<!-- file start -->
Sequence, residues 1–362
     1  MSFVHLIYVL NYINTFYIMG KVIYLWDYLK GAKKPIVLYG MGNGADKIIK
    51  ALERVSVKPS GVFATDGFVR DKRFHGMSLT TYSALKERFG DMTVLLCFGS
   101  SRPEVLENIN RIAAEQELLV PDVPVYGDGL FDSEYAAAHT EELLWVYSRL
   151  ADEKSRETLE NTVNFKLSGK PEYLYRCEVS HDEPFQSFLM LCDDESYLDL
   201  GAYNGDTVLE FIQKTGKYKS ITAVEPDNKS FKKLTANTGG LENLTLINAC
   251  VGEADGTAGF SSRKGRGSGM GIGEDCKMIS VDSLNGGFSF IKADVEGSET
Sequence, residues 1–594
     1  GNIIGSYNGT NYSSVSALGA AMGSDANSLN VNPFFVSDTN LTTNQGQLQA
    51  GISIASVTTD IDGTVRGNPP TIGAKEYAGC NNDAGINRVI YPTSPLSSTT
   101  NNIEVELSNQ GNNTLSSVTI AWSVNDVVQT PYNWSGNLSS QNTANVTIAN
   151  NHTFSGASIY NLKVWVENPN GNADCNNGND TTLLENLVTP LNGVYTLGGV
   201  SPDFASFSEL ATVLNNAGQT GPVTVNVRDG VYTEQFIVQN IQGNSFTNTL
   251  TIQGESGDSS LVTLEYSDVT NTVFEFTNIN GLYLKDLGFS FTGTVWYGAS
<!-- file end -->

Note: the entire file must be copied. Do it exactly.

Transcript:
Sequence, residues 1–362
     1  MSFVHLIYVL NYINTFYIMG KVIYLWDYLK GAKKPIVLYG MGNGADKIIK
    51  ALERVSVKPS GVFATDGFVR DKRFHGMSLT TYSALKERFG DMTVLLCFGS
   101  SRPEVLENIN RIAAEQELLV PDVPVYGDGL FDSEYAAAHT EELLWVYSRL
   151  ADEKSRETLE NTVNFKLSGK PEYLYRCEVS HDEPFQSFLM LCDDESYLDL
   201  GAYNGDTVLE FIQKTGKYKS ITAVEPDNKS FKKLTANTGG LENLTLINAC
   251  VGEADGTAGF SSRKGRGSGM GIGEDCKMIS VDSLNGGFSF IKADVEGSET
Sequence, residues 1–594
     1  GNIIGSYNGT NYSSVSALGA AMGSDANSLN VNPFFVSDTN LTTNQGQLQA
    51  GISIASVTTD IDGTVRGNPP TIGAKEYAGC NNDAGINRVI YPTSPLSSTT
   101  NNIEVELSNQ GNNTLSSVTI AWSVNDVVQT PYNWSGNLSS QNTANVTIAN
   151  NHTFSGASIY NLKVWVENPN GNADCNNGND TTLLENLVTP LNGVYTLGGV
   201  SPDFASFSEL ATVLNNAGQT GPVTVNVRDG VYTEQFIVQN IQGNSFTNTL
   251  TIQGESGDSS LVTLEYSDVT NTVFEFTNIN GLYLKDLGFS FTGTVWYGAS